Games

Fallout 4 and religion after the bomb

Kevin Schut

I’ve spent the last month or so wandering a blasted wasteland filled with mutants, giant scorpions, toxic levels of radiation and the shell of a civilization that was destroyed 200 years prior and is trying to rebuild. Yes, I’ve been playing Fallout 4. There are many surprises in this post-apocalyptic America, and one of them is a nearly complete absence of religion.

The Fallout series takes place in the future, after an alternate United States, one modeled on the America of the 1950s, has been decimated in a nuclear attack. In Fallout 4, the player controls a single character who fights through a series of quests, gaining experience, weapons and loot in a gritty, decaying, extremely violent world. In spite of its notoriously glitchy programming and somewhat wooden human animation, the series has a passionate and large fan base, partially because of its exciting combat, but mostly because of its sprawling, open-ended world.

Yet even though I’ve discovered a few dozen locations and interacted with hundreds of characters of all sorts, the only trace of religion I’ve found in Fallout 4 are the slightly unhinged members of a cult called the Church of the Children of the Atom. These fervent devotees, who have appeared in previous games, believe that atom-splitting is an act of divine creativity. Although I’ve read that there is also a gospel of prosperity cult run by a con man somewhere in the game, I’ve so far seen nothing else that reflects religion: no prayers, no holy texts, no rituals, no discussions of the divine or supernatural.

Fallout 4’s dearth of religion is more evidence that we are imagining humanity without God.

What might this say about our current cultural imagination? For me, Fallout 4’s dearth of religion is one more piece of evidence that we are imagining humanity without God. Aside from the awkwardly tragicomic Atomites, the game isn’t really hostile to religion. Rather, Fallout 4 bears no trace of the divine or any interest in it. (It’s worth noting that there were muted but significant Christian elements in the previous two titles in the series.)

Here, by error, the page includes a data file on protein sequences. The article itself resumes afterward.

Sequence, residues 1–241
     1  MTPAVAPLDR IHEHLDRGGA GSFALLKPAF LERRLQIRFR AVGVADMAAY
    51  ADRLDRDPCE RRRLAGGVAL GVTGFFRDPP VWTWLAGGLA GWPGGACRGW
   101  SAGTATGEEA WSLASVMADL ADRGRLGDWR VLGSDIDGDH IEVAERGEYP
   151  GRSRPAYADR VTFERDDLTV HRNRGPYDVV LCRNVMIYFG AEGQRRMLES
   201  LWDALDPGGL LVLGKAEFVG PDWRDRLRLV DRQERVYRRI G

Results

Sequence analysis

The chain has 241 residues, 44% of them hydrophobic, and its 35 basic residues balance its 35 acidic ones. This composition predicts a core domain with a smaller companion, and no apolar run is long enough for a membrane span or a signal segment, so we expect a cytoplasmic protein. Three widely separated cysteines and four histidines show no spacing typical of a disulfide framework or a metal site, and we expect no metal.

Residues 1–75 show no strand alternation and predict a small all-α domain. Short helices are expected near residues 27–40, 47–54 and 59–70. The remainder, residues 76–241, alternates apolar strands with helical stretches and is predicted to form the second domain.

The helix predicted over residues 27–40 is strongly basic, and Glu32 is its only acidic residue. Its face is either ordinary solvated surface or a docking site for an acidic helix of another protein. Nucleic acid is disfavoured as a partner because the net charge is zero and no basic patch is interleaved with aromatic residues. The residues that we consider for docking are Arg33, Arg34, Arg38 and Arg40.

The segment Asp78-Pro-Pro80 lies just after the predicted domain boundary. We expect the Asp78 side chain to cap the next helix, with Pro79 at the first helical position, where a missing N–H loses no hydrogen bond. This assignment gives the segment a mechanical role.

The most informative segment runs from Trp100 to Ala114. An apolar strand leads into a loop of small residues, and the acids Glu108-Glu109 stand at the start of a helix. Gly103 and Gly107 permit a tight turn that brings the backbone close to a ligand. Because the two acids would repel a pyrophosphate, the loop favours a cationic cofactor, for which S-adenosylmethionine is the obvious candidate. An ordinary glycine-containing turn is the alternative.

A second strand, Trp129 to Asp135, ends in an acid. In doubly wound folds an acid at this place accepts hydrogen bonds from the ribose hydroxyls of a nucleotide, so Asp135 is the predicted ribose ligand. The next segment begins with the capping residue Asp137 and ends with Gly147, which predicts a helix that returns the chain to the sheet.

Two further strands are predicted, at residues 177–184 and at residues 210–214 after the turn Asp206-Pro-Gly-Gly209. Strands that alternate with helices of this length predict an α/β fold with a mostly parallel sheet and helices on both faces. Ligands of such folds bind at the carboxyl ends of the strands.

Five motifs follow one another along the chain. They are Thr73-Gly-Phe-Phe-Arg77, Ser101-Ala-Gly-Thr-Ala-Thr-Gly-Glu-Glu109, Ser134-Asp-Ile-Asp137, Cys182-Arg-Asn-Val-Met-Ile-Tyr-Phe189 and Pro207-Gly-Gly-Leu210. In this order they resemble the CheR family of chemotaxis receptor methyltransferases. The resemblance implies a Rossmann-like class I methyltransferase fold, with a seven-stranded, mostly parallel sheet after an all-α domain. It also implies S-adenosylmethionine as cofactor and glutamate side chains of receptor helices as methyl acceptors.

Fallout 4 does engage the ethical and moral implications of living in this desperate world. The storyline is chock-full of opportunities to either defend the innocent or rob and kill them. I think this, too, is quite appropriate to our culture. Religion has so often been the source of controversy, division and cultural insensitivity that many people are ready to be done with it.  We still want to live good lives, to live for something more than ourselves, but we’ll muddle through it without God — or at least without institutional religion and its broken adherents.

As a Christian, though, I think such attempts are doomed to failure or dysfunction. As C.S. Lewis notes in Mere Christianity, when we try to make our systems run without God, “the machine conks.” I wholly admit that Christians are often the problem rather than the solution. Yet all people are made for peace and wholeness and love and forgiveness — in a word, we are built to be children of God. The broken, struggling, ever-learning church that we are is one of His key tools. I wonder what a community trying to act like Jesus would bring to a post-apocalyptic world like that of Fallout 4. I wonder what it would bring to a world like ours.

Topics: Games, Culture At Large, Arts & Leisure